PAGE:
Progress of difficult and controversial issues surrounding use and allocation of water in rural areas will depend on continuing political motivation. It is vital we solve problems surrounding trading over water across state lines, the harmonisation of water pricing and the designation of rules for trading which reflect hydrological realities and ecological needs. Both surface and ground water issues must be taken into account in future planning for rural water resources, as is illustrated in concerns that were aired in the hearings over the effects of Commonwealth licensed oil drilling on the La Trobe aquifer.

It is also important to consider the effect of water-intercepting land uses on catchments and river systems and, more importantly, that all decision making is based on a solid scientific knowledge base. Only with solid information can appropriate decisions be made on the amount of water available to rural communities in order to ensure downstream users and the environment are not compromised or disadvantaged. Finally, it is important to ensure that water is used efficiently at every opportunity. In considering this issue, the committee heard a number of examples of irrigation sectors that have improved their efficiency of water use in recent decades. However, we did note that there is still much potential for improvement. In our investigations into the effects of farm dams on water in a catchment area we were made aware of substantial discrepancies between the policies of the New South Wales and Victorian governments particularly, and we would encourage those governments to ensure a harmonised position is reached in the new future.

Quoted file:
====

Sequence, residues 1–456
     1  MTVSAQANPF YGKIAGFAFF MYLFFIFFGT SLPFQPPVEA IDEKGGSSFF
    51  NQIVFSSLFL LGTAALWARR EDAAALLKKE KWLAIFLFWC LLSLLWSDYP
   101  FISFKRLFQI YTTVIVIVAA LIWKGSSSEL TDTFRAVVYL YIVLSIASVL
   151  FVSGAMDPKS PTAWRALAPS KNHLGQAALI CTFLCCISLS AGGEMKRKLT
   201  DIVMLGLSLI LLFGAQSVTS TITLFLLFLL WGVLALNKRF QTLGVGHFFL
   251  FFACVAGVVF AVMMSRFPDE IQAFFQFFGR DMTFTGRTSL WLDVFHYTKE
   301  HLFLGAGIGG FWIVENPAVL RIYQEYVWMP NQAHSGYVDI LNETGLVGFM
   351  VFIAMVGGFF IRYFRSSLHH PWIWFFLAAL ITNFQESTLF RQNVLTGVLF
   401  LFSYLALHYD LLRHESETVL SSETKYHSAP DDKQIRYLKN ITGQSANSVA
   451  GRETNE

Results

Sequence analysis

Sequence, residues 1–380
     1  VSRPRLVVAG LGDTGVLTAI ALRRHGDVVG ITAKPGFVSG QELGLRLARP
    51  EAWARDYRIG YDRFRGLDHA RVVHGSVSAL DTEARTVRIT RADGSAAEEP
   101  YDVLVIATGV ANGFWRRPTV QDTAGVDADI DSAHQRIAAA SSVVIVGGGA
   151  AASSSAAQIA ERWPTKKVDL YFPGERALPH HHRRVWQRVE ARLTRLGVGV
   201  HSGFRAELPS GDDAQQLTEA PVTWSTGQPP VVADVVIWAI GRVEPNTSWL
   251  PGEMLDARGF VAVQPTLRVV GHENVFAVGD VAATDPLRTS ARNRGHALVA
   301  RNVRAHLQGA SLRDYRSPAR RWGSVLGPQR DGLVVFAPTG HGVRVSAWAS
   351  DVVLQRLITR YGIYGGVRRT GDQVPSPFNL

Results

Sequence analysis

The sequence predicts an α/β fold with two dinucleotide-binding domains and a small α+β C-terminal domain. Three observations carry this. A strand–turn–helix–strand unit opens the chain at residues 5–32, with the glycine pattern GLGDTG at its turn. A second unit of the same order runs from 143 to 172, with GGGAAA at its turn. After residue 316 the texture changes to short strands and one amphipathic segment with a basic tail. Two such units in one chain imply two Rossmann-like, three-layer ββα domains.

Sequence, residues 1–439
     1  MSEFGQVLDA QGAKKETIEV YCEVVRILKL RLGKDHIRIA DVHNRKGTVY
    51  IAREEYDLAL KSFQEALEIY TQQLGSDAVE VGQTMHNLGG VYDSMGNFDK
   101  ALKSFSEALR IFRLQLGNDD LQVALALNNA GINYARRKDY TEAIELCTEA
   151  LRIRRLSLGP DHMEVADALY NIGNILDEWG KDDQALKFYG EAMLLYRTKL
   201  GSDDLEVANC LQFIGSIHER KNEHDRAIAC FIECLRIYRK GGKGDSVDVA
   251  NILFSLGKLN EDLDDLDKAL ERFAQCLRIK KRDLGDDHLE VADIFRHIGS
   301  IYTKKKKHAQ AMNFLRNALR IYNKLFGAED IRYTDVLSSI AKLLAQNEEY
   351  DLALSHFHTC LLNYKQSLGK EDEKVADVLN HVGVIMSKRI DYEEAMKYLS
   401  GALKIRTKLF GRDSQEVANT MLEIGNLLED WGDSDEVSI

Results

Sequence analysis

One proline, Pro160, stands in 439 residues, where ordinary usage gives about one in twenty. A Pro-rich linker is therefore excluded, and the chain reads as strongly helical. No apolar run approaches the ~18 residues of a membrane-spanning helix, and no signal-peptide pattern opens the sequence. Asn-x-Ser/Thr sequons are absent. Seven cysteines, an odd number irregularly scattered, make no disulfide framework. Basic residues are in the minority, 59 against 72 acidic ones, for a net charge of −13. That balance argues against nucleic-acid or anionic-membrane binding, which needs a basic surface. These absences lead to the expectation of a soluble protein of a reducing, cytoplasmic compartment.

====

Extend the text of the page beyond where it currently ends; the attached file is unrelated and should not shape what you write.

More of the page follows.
I would like to take the opportunity to thank all the people involved in this exercise. The review the committee has undertaken in the course of this parliament I think has highlighted the need for further and substantial work on rural water use. Progress towards sustainable management of water resources is of vital importance for the health of rural communities, for Australia's primary industries as a whole and certainly for the Australian environment as well. I thank Ms Maureen Weeks, the secretary of the committee, and the staff of the secretariat. It has not been an easy process getting to this point but I think the results have paid off after the many hearings that were held across the country and certainly in the production of the report. It is one that I hope the government will take up. There are some key recommendations that ought to be adopted. I seek leave to continue my remarks later.

Leave granted; debate adjourned.